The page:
Reports are the New York Taxi Workers Alliance is bashing New York governor Andrew Cuomo for an Uber bill that Bhairavi Desai, executive director for the group, deemed “a move straight from the Trump playbook,” which I suppose is meant to be the ultimate insult for a democrat. The part that gave me a chuckle was the “this bill is bad for workers, and it’s bad for democracy.”
Bad for democracy? I would have to point out to the esteemed director that democracy affords the supreme power to the people, not the government. The government suppressing a class of workers to the benefit of another class of workers is not democracy. Pseudo labor unions dictating demands to the duly elected officials of a representative republic, sometimes mistakenly reported as a democracy, is not exactly a democratic principal.
Also, where would one get a copy of this “Trump playbook?” It would seem to me that hockey, football and baseball teams would be clamoring for a copy of that play book since Trump’s historical, electoral stomping of Bill’s old lady. But I digress.
I would suggest to the esteemed director that encouraging the good governor to include taxicabs in the bill to help get the gorilla off the taxicab industry’s back would be somewhat more fruitful than calling out to the wolf to protect the flock. Perhaps, the director is seeking to achieve the level of power the Italian taxi drivers union demonstrated when they got Uber banned from the country?
This month’s Taxi King update finds our hero in another minor misunderstanding. Reports from NYC are that Mean Gene has not become the “court jester” of the taxicab industry. Oops. It seems the king’s license hasn’t been renewed by the NYC Taxi and Limousine Commission so he won’t be allowed to manage the 800 odd medallions he is reported to have been controlling. No big deal, get somebody with a clean record to get the license and bill yourself as the “Marketing Manager.” It worked for the mob in Vegas, why not New York?
The taxicab industry trade organization, Taxicab, Limousine and Paratransit Association, has been operating a website, whosdrivingyou.org, that extols the virtues of riding in licensed taxicabs over those dangerous Uber and Lyft drivers. It does so by “exposing” all of the nefarious deeds of those nasty boys and girls driving Uber and Lyft.
Now, having been in the taxicab industry for a number of years, I had to laugh hysterically at the idea that a group representing the taxicab industry would be pointing fingers at another group for its behavior.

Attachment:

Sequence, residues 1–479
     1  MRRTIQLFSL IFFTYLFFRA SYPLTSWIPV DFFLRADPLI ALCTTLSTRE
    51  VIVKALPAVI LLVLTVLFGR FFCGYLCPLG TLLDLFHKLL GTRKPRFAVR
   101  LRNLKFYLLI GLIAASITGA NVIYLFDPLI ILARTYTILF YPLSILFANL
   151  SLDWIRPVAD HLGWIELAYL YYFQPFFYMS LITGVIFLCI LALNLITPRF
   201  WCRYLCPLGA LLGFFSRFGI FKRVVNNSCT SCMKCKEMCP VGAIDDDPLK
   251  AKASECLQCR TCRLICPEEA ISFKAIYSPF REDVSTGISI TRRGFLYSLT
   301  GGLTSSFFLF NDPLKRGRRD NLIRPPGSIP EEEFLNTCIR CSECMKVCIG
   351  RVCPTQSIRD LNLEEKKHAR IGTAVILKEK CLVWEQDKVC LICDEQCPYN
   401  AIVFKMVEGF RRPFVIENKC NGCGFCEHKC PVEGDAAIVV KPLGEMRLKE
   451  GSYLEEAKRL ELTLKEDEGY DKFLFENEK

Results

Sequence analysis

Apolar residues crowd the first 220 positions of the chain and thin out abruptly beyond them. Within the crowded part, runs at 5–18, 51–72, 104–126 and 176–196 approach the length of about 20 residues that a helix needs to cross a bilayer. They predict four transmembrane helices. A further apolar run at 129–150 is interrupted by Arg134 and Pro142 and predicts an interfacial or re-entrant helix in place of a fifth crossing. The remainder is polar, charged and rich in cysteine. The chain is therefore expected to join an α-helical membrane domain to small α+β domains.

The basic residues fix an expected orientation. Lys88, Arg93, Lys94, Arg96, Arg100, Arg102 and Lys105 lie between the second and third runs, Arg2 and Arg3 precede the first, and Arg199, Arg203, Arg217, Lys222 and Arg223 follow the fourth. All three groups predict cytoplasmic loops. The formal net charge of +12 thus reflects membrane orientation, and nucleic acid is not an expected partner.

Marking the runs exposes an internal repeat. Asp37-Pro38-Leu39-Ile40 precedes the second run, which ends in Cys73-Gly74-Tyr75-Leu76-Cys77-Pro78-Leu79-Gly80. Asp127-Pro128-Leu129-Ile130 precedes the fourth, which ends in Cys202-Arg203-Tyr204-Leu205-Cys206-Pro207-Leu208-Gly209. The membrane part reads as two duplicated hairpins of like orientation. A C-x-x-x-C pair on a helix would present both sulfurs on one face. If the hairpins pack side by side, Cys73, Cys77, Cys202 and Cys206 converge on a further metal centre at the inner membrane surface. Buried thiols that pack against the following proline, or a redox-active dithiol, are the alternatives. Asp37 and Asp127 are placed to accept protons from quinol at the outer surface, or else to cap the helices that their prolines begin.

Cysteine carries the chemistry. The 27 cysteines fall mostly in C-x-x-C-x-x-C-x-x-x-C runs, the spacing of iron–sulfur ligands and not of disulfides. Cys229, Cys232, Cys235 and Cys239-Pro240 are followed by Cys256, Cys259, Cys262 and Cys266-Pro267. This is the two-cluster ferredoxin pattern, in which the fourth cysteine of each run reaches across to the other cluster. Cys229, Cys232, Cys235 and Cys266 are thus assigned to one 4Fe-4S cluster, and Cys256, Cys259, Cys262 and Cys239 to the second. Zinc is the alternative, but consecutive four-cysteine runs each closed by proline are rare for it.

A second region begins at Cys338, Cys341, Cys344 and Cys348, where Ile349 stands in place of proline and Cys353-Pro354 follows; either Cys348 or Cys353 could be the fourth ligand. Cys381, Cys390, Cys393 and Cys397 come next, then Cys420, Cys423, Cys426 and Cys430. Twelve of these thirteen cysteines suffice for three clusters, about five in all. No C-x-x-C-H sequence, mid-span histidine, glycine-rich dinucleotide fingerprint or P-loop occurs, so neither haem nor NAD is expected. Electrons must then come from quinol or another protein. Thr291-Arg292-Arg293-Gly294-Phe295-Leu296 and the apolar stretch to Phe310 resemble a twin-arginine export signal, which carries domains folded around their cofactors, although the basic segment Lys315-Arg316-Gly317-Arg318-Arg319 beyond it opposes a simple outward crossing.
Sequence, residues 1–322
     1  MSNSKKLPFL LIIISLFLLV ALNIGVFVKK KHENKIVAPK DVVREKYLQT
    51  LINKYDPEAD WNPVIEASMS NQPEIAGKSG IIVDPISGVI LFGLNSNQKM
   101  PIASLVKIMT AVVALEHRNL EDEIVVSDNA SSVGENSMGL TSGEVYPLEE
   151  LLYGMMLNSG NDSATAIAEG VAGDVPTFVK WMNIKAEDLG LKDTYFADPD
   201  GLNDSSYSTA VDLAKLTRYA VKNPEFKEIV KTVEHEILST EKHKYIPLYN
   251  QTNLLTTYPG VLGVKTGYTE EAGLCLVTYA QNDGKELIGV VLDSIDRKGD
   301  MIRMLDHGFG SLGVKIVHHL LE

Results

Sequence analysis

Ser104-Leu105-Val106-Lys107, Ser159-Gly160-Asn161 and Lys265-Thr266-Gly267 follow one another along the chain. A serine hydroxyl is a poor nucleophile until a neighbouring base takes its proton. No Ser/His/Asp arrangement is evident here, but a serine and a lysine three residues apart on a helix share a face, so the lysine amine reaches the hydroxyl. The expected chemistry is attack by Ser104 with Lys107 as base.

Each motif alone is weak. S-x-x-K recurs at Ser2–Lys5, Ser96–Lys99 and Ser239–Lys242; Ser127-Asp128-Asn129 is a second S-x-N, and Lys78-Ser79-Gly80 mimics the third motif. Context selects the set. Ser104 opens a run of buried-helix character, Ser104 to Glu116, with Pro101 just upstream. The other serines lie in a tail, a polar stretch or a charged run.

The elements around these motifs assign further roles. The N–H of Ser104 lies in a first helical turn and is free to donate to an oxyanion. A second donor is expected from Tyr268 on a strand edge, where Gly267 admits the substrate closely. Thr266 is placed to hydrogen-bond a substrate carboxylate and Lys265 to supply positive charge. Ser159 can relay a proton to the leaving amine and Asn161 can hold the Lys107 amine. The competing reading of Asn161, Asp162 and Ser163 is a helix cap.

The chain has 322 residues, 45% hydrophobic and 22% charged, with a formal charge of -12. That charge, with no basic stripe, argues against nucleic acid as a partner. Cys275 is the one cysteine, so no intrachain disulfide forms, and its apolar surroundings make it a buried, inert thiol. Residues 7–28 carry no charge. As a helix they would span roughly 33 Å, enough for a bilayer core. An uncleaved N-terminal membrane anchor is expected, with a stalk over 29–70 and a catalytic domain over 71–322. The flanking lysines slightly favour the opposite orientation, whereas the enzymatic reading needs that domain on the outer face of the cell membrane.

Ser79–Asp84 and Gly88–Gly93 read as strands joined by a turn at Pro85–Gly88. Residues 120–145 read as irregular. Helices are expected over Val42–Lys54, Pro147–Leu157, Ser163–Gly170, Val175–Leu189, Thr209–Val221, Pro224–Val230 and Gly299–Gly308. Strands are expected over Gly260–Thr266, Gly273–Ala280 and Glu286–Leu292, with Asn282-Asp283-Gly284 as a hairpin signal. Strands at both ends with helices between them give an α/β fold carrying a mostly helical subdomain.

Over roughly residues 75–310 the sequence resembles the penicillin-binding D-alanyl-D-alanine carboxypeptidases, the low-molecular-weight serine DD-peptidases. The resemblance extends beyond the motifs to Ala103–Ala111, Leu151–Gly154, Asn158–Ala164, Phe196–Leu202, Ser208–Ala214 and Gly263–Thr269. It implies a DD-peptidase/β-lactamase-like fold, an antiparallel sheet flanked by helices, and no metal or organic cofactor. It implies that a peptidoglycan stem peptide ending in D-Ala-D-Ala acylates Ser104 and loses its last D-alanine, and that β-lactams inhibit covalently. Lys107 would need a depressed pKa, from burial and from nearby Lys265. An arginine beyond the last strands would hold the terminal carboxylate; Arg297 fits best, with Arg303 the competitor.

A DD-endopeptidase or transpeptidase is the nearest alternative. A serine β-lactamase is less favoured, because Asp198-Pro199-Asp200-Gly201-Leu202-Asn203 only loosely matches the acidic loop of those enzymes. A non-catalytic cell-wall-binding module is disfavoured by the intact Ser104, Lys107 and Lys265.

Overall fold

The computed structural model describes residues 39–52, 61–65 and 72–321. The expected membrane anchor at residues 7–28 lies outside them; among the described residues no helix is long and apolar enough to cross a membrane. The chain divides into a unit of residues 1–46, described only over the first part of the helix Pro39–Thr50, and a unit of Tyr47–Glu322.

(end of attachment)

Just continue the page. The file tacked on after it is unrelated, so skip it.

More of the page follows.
A case in point is a Salisbury Massachusetts taxi driver appearing in court for his forth driving under the influence complaint. Huh? What company in their right mind would put a driver on the street with three such convictions? After my own experiences with Uber I certainly feel they can be beaten in the marketplace, but I wouldn’t recommend throwing rocks at them from my glass house.
Uber has only exposed a flaw in the industry, a flaw that the TLPA not only recognized but actively supported, protection by regulation. Now they are calling out to the 350 pound gorilla to save them from drowning.
Laredo Texas was on the verge of eliminating taxicab regulations entirely in an effort to “create a fair playing field” in the city for taxicabs and Lyft drivers. After comments from attorney Zone Nguyen on the long standing regulations being a matter of public safety the council voted to keep the regulations.
Nguyen wanted the city to apply the regulations to everyone in the industry, not just taxicabs, but the council decided that the rules would not affect rideshare companies. Oops. The mystifying part of the entire story is that Nguyen was representing the taxicab drivers. “No, please, don’t get off our backs, protect us.” That would be my quote.
The council also stated that over the next six months the staff would work on a “more fair” ordinance. Be careful what you wish for, this could be bad. But not catastrophic.
There is a report circulating that Uber has engaged in some Russia like hacking of Lyft drivers in an effort to get drivers who drove for Lyft and Uber to only drive for Uber. The operation, called Hell, is reported to have occurred between 2014 and 2016. No word from Uber about any of this, but I’d be hiring extra cats to be covering up this litter box if it’s true.
What is up with the New York/Washington DC media cartel? Their “Russia did it” narrative has more holes than the taxi king’s empire but they keep beating the drum like people think it’s real. They sound like a group of busybodies chanting out whatever unsubstantiated rumor their “unnamed sources” can come up with.
If you ever want to get and stay relevant just tell us the truth. Making up stories to support your political agendas may please your corporate masters but it really bores the rest of us.